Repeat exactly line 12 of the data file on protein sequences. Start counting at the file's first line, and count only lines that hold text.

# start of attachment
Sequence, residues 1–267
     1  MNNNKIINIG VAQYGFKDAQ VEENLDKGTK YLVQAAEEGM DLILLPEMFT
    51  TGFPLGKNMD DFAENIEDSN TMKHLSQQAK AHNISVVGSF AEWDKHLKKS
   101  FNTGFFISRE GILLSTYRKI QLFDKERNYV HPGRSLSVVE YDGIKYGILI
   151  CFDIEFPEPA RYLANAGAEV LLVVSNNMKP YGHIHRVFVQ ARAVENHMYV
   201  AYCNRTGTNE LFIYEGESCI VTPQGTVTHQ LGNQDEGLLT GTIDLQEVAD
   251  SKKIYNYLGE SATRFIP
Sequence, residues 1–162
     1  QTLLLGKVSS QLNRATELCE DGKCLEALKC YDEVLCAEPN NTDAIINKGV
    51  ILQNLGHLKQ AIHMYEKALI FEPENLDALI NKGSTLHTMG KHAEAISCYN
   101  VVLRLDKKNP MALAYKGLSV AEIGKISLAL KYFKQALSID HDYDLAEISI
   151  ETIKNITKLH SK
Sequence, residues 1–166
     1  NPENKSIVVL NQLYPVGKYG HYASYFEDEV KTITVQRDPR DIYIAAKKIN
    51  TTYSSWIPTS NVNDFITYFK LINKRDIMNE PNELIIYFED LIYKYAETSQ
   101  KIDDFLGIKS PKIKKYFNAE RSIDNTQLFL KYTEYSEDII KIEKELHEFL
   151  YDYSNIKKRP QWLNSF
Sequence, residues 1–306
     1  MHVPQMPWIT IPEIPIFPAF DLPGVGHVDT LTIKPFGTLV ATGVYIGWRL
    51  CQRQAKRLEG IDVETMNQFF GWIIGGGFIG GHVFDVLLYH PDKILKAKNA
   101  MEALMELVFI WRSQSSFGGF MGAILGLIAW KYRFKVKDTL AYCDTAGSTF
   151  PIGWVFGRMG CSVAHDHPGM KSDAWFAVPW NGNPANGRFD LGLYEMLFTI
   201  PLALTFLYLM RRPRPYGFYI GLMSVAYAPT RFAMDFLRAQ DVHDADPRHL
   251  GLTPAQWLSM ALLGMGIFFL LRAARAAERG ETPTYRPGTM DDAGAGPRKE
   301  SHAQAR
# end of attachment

   151  ETIKNITKLH SK